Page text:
( July 13, 1990) The "Instruction on the Ecclesial Vocation of the Theologian," published June 26, says it is addressed primarily to bishops and through them to theologians. At the end it "earnestly" invites bishops "to maintain and develop trust with theologians in the fellowship of charity."
The aim of fostering trust is unlikely to be achieved. No less trusting a document can be imagined. For throughout the entire instruction, "the theologian" is presented as a troublemaker who challenges the magisterium because he does not love the church and has sold out to worldliness.
Protestant theologians, should they read it, will rub their eyes in astonishment as they come across a theological system in which there appears to be only one source of truth, that is, the magisterium (the instruction invariably capitalizes the M in magisterium).
They will recall the conciliar debates about the two-source theory of truth, where the two sources meant scripture and tradition. They will remember the lucid statement of Dei Verbum that "the teaching office (the magisterium) is not above the word of God, but serves it."
Yet, in the instruction, the magisterium takes on an independent existence. "All the acts of the magisterium," it declares, "derive from the same source, that is, from Christ who desires that his people walk in the entire truth." All? Yes, all. On this conception, the magisterium has an unmediated hot line to Christ.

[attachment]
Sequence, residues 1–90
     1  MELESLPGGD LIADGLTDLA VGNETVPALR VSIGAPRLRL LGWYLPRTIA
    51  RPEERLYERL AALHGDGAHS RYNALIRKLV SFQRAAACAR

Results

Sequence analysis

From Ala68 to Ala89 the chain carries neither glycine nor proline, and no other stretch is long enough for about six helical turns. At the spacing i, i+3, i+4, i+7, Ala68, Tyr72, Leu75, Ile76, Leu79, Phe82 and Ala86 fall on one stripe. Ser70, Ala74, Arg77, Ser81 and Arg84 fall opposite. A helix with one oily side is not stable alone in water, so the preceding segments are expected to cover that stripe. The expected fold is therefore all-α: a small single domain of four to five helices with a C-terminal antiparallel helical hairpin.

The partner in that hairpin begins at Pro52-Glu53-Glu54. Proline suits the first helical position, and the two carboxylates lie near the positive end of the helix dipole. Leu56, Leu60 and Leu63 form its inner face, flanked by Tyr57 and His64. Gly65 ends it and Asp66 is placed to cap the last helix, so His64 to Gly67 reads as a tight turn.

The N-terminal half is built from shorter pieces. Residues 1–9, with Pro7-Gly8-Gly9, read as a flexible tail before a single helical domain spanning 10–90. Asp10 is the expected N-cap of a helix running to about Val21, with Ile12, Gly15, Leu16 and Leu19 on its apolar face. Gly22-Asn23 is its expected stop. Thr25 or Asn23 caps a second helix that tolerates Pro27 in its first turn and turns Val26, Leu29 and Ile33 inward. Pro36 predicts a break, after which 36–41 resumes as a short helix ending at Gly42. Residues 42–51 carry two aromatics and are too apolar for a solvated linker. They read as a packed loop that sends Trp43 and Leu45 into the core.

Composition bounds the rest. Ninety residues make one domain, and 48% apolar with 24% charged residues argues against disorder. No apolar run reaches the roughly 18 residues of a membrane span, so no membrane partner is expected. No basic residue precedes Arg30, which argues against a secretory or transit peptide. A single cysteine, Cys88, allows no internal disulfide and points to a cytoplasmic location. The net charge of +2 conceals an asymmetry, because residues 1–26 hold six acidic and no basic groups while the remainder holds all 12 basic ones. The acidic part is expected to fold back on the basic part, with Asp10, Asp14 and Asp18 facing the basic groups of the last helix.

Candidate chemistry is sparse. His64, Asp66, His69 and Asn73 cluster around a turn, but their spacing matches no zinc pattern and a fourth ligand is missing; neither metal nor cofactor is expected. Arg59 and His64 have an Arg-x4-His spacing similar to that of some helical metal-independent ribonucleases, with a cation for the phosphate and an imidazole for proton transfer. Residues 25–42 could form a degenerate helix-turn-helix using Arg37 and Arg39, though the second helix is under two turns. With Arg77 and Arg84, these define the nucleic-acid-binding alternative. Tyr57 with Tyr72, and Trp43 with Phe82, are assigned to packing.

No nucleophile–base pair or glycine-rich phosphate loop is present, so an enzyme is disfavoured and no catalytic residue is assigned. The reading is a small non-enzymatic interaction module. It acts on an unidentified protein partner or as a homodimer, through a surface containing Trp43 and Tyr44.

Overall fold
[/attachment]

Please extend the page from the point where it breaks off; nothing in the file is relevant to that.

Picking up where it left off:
This makes it a very powerful instrument, indeed. There seems to be no limit to its range. The quality of infallibility, even when not expressly invoked, extends into disciplinary matters: "Magisterial decisions in matters of discipline, even if they are not guaranteed by the charism of infallibility, are not without divine assistance and call for the adherence of the faithful."
It is difficult to know what this means, for no examples are given. Perhaps we would have to conclude that the persecution of theologians such as Yves Congar and Henri de Lubac in the 1950s